I like eCommerce because it’s very dynamic and it’s easy to notice and measure the technology impact on the business. With more static and non-transactional websites, technical defects can remain unnoticed for weeks or months. They surface when you realize that the sales pipeline is dry.
With eCommerce, a performance defect slips through the manual testing, your website slows down by 200-300ms and your conversion will go down. Checkout is not functioning properly for 2 hours? You will definitely be able to count the broken orders and lost revenue. Sounds familiar? Continue reading to learn if you have accumulated significant Technical Debt.
It is the sum of all deficiencies in the inner quality of your codebase. The term was coined by Ward Cunningham and I love how elegantly it describes the reality of many software development projects. It’s not as accounting friendly as financial debt (because it’s hard to measure human productivity and lost opportunity) but it’s safe to say that you pay interest in the form of lost development productivity.
Whenever the technical debt grows (and when unmanaged, it grows by default), your development team will need more effort to add your next big idea to the eCommerce website.
High external quality means that your application does its job now. The banner promoting the latest product discount is appearing for customers from the right countries, the buttons in checkout do what they ought to do. The software is generating money for the business and is reliable.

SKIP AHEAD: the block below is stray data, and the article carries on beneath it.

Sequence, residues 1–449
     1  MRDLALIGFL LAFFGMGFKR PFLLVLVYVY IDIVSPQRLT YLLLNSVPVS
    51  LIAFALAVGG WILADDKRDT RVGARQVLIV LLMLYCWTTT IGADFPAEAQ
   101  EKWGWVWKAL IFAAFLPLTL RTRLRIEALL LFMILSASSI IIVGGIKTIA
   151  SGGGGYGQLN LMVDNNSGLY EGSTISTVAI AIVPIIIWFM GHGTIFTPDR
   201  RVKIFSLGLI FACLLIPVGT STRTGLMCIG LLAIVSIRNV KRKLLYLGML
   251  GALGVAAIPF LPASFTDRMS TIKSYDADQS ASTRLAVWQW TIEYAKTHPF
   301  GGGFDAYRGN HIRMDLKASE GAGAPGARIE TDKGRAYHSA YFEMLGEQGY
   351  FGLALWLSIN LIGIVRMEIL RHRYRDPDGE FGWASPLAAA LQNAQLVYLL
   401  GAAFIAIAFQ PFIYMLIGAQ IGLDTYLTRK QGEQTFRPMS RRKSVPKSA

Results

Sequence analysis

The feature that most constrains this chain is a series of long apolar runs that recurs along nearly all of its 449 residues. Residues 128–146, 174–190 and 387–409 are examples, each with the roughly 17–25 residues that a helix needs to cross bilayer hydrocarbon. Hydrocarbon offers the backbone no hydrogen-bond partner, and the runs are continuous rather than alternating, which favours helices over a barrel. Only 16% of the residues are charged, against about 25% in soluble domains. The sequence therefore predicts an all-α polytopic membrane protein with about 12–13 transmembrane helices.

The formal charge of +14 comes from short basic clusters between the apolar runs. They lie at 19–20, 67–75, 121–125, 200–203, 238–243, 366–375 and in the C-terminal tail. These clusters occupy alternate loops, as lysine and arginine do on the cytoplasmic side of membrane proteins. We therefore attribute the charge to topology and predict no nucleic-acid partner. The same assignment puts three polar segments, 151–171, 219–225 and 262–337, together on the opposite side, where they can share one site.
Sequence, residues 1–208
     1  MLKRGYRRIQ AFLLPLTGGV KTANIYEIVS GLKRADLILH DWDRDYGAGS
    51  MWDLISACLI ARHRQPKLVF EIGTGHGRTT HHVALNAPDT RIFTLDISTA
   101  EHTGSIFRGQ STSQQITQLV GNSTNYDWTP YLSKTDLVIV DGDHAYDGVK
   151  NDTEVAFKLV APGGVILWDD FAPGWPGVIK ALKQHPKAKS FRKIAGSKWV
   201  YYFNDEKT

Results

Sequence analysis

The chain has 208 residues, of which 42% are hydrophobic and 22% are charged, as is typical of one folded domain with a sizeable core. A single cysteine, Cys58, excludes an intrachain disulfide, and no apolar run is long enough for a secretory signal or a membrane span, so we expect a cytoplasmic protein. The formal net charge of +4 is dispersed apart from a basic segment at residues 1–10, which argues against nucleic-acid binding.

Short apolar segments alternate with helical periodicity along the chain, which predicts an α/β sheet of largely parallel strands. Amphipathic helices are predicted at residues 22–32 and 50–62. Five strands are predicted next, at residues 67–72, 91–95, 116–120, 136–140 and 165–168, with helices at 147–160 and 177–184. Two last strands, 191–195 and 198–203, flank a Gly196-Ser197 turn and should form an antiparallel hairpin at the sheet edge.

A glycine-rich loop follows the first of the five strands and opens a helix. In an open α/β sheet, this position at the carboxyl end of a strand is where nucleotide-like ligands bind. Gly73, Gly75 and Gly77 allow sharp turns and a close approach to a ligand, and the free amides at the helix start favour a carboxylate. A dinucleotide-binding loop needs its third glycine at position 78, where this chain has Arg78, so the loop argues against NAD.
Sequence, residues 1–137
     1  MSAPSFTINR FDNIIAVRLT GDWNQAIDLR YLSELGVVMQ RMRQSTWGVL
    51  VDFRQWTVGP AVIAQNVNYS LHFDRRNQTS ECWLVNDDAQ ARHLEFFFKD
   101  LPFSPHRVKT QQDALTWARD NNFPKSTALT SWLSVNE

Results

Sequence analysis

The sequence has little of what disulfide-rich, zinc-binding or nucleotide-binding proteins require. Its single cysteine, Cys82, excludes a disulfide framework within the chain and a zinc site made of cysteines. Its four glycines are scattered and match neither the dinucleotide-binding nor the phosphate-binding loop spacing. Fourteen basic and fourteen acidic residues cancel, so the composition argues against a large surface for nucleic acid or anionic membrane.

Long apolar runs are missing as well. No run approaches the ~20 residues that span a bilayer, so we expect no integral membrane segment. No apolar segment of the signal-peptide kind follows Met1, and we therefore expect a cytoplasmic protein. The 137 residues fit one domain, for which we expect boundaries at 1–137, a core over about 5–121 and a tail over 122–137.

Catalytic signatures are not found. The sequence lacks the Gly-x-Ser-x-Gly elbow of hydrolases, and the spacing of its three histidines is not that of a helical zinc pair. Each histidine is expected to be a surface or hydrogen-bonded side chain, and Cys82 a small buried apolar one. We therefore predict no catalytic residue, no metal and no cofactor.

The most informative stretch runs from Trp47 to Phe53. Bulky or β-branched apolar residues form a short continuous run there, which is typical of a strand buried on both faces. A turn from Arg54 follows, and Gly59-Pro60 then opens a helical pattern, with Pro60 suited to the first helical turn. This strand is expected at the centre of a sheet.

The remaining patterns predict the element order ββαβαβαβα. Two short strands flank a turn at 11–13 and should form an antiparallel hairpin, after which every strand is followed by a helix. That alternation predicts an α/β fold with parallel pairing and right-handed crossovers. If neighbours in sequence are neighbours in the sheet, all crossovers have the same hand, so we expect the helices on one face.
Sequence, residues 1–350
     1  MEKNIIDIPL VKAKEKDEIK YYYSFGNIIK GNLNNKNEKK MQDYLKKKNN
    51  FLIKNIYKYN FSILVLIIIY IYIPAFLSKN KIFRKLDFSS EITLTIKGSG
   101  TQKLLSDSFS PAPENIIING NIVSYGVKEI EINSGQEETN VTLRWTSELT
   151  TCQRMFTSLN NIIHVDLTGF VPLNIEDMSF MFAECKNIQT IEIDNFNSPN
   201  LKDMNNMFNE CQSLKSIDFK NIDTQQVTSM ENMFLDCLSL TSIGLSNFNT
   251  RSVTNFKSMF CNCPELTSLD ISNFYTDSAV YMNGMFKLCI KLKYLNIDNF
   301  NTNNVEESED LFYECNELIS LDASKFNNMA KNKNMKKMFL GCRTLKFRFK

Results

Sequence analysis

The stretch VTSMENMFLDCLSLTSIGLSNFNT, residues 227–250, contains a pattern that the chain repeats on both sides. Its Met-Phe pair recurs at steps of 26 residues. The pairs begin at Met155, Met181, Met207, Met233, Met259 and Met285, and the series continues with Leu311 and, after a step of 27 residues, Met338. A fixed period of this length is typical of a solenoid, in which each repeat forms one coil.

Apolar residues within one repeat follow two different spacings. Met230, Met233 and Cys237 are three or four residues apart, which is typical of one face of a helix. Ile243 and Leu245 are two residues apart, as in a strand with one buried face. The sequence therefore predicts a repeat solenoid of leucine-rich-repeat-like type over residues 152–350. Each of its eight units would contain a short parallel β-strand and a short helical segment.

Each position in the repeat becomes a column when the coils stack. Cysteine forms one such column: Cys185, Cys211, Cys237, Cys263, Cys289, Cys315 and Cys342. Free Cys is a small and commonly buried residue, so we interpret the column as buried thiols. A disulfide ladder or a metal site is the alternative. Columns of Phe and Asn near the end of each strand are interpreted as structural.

I am willing to risk saying this: The worst-crafted codebase can reach good-enough external quality with significant effort. The question is: Are you ok with “good enough” and is it the most efficient way to craft bespoke eCommerce applications?
Low internal quality is a bit more subtle and less visible. It can be the silent killer of your project that leads to expensive re-platforming/rewrite. It is all about maintainability, flexibility, understandability and a few other characteristics that are important. It depends on your coding practices, development processes, and quality standard, among other factors.
Yes! “The only way to go fast is to go well”, as Uncle Bob said. In simple words, external quality is about satisfying business expectations, while internal quality determines how fast you can move forward.
You cannot have great external quality long-term if you do not manage your Technical Debt.
First, you need to be aware that such phenomena exist in software development. Second, you should have a strategy for:
The general solution is to be professional about eCommerce project development:
There was much written already about testing and some about Technical Debt but my aim with this blog post is to get the business and tech closer to each other and increase the mutual understanding. I’ve been working with eCommerce development teams for many years now and I see so much potential productivity to be saved with better practices and proper tools.
Technical Debt is as real (just less measurable) as your financial debt, especially if your business relies on the technology. It should be understood not only by developers and CTOs but also by business owners and decision-makers. So make sure to share this article with your team and I hope it inspires a discussion about the practices you use! Or if you have the debt under control already, share your idea in the comments below!
We at Sylius take Technical Debt seriously from the very beginning and proper testing practices and synergy between external and internal quality has saved us numerous times.
Did you know we completely reworked currency-handling days before the 1st beta release of the product and only thanks to Behat and phpspec we managed to do such pivot so fast and under control?